End of nuclear project prompts overhaul of review process

The abandonment of two multibillion-dollar reactors that South Carolinians have been funding since 2009 have legislators calling for an overhaul in how utility projects are reviewed

COLUMBIA, S.C. (AP) — South Carolina legislators are calling for an overhaul in the review of utility projects following the abandonment of two nuclear reactors residents have been funding since 2009.

A bipartisan group of legislators are announcing Wednesday the creation of an energy caucus.

Rep. James Smith says the “catastrophic” end of the project north of Columbia shows the current regulatory process doesn’t adequately protect South Carolinians.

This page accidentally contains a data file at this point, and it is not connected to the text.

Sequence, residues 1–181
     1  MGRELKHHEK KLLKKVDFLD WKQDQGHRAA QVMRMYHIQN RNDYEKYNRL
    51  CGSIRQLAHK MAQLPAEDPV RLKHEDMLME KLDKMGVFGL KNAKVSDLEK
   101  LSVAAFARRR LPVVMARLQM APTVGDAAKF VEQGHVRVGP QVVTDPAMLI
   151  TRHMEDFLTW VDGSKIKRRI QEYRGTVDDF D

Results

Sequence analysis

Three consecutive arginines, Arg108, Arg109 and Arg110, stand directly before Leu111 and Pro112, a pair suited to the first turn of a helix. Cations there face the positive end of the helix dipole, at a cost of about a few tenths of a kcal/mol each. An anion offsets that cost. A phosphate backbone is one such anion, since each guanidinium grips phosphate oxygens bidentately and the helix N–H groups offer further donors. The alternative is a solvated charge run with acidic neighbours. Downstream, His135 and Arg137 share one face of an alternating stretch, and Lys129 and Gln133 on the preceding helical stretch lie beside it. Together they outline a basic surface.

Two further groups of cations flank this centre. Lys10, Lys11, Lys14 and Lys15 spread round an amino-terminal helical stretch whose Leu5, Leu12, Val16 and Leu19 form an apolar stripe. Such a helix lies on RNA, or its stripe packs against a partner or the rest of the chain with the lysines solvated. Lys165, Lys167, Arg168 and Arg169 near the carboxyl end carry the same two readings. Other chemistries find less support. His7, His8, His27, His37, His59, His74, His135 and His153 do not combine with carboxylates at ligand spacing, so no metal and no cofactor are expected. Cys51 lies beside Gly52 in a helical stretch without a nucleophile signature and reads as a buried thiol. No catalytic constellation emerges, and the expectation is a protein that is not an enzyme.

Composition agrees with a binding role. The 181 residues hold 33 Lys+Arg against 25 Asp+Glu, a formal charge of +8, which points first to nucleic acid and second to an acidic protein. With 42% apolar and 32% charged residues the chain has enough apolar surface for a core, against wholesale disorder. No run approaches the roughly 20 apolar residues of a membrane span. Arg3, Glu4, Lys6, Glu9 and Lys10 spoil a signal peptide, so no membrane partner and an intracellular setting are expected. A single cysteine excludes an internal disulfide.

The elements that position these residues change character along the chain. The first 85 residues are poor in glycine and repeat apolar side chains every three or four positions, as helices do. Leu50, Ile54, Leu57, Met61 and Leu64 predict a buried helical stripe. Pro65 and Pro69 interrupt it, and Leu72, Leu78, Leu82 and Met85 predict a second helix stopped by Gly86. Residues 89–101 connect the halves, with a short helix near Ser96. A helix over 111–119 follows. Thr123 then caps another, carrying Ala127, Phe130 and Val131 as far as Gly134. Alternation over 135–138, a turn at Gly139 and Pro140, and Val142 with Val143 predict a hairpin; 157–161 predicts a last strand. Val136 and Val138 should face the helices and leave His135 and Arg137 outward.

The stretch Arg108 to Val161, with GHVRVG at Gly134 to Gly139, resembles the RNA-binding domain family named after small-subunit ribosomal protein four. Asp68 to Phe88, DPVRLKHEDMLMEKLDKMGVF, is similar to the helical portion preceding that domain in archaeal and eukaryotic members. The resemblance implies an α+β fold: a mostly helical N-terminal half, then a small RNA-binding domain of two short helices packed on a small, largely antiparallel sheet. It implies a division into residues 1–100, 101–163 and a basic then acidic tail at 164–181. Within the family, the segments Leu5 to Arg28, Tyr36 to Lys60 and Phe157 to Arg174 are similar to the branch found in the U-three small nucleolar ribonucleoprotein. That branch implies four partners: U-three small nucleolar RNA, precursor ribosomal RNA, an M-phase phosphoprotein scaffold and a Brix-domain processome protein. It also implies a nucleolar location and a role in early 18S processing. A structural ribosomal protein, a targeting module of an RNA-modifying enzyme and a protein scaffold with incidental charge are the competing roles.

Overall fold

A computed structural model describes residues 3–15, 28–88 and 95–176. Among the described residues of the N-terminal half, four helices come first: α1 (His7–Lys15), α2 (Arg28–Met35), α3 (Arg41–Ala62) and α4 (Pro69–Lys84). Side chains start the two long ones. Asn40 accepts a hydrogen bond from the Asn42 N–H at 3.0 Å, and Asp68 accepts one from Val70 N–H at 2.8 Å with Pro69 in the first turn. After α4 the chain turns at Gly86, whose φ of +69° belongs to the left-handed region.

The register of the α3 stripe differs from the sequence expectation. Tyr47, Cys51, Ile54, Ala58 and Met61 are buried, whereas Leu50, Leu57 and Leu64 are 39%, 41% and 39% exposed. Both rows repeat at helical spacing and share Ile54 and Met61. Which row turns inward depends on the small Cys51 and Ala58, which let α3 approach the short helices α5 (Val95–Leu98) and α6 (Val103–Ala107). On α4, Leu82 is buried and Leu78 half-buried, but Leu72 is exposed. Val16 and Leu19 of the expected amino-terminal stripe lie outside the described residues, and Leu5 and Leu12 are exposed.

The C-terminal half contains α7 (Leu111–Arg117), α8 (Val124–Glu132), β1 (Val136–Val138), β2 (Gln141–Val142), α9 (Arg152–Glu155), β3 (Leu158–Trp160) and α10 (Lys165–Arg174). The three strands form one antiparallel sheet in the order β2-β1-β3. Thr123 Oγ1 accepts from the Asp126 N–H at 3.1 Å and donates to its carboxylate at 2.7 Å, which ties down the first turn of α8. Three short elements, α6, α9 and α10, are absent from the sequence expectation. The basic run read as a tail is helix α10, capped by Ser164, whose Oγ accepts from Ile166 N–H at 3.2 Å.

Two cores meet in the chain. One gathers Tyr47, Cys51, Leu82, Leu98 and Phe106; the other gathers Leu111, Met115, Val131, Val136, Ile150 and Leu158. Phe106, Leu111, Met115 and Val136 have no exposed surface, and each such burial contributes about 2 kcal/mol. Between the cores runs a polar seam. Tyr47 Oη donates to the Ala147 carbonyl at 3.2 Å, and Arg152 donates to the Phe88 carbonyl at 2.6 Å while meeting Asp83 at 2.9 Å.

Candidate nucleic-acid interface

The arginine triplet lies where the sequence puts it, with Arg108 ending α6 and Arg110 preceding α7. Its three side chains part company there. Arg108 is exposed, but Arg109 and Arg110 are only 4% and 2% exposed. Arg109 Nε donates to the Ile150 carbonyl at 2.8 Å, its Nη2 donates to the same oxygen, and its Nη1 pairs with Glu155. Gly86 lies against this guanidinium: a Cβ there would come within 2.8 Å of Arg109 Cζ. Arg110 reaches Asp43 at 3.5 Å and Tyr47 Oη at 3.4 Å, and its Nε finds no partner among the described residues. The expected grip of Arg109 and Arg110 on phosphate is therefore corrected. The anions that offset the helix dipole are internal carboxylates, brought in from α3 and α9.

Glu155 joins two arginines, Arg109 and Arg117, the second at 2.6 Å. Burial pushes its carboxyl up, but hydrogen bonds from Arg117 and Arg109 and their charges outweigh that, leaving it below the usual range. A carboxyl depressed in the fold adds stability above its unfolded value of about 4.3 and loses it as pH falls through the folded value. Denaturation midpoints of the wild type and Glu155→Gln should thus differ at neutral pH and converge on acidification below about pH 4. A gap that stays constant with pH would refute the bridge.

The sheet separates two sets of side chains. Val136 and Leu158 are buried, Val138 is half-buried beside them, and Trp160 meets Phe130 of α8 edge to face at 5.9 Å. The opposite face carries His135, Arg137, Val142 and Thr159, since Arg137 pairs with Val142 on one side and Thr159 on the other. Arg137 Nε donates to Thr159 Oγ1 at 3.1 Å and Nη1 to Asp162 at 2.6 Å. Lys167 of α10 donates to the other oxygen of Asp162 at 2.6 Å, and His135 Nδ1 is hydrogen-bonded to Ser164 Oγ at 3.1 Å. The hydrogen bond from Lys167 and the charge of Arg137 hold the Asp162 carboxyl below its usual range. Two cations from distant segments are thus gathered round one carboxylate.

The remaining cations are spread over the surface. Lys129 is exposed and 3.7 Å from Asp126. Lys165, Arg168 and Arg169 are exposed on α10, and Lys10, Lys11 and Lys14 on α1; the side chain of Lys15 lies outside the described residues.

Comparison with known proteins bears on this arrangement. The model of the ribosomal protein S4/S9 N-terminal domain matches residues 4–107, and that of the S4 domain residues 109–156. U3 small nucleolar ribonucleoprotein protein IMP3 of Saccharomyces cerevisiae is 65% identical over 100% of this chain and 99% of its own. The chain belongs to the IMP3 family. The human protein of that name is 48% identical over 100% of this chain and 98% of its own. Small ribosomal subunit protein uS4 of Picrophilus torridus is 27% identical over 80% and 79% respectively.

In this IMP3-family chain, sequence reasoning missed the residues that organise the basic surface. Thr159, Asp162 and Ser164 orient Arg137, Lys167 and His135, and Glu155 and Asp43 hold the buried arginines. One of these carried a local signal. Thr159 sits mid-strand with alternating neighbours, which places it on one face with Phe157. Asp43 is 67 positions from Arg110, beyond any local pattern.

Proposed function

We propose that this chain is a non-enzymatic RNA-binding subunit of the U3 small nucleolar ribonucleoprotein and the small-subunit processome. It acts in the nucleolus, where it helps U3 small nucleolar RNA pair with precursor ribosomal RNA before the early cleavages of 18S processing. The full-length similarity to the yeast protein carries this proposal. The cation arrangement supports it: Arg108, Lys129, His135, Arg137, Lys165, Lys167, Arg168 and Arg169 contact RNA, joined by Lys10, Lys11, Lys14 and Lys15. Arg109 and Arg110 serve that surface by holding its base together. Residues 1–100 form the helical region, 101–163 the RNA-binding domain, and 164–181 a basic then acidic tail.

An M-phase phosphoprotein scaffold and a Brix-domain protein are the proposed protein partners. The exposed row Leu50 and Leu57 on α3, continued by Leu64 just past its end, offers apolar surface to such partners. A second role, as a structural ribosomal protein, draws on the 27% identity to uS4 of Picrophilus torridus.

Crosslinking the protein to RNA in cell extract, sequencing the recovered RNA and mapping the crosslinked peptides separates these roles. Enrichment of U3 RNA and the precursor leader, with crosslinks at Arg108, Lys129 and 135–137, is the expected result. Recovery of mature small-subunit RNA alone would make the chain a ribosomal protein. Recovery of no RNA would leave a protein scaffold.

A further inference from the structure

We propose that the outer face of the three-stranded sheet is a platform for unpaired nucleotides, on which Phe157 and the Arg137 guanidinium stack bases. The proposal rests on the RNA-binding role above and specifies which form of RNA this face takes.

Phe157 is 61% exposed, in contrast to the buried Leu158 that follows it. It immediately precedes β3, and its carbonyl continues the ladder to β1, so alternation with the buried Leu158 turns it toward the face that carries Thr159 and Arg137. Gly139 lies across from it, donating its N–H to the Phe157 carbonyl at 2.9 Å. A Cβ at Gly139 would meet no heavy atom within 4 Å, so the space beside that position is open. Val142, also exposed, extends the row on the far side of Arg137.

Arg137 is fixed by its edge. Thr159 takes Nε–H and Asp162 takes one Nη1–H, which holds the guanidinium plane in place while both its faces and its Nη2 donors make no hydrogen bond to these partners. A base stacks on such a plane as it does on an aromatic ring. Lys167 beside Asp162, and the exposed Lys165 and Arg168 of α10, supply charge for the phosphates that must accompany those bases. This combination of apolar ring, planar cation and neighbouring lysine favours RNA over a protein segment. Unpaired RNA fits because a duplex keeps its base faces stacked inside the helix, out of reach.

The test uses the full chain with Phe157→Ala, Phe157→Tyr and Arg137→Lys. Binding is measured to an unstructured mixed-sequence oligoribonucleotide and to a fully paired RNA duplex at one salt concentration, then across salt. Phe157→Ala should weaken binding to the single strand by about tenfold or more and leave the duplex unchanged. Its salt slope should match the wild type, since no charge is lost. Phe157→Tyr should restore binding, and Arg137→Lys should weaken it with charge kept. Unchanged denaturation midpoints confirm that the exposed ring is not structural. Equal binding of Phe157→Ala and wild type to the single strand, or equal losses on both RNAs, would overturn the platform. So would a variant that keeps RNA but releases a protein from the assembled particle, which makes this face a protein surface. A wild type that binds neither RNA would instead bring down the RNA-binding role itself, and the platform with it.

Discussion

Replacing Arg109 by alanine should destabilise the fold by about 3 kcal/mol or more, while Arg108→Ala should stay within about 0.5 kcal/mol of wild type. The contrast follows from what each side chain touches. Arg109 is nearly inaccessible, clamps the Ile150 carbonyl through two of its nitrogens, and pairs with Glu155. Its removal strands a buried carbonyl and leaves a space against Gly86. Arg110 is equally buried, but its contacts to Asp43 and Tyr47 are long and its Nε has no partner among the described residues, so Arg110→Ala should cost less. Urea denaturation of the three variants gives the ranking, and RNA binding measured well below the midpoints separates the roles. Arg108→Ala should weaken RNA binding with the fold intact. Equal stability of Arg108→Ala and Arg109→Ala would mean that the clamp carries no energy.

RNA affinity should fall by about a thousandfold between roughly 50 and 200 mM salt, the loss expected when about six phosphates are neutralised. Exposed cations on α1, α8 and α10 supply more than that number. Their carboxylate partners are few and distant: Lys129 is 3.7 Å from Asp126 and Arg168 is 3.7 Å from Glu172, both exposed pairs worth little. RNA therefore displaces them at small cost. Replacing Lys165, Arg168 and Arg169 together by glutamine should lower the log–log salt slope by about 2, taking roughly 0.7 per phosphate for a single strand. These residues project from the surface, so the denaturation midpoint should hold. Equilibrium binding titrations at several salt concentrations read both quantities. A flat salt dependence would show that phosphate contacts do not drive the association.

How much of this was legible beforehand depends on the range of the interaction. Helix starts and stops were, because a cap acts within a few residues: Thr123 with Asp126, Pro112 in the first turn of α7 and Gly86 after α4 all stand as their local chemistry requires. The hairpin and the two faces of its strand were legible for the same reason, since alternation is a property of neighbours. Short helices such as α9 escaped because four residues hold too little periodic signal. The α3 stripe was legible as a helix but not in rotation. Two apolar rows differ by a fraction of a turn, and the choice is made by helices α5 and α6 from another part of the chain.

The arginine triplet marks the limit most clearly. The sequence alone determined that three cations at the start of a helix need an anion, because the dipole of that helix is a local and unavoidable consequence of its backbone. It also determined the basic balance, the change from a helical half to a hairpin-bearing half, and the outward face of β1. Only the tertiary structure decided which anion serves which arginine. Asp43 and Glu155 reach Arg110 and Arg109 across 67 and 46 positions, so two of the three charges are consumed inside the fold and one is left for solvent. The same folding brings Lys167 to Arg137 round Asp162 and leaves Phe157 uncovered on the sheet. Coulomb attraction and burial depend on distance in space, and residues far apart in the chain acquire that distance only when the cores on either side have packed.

The project’s owners, SCE&G and state-owned Santee Cooper, decided Monday to end construction following the bankruptcy filing of its main contractor.

The project accounts for 18 percent of SCE&G’s and more than 8 percent of Santee Cooper’s residential electric bills.

A 2007 state law allows electric utilities to collect money from customers to finance a project before it generates power and recoup costs even if it’s never operational.

First Published August 2, 2017 12:00 AM

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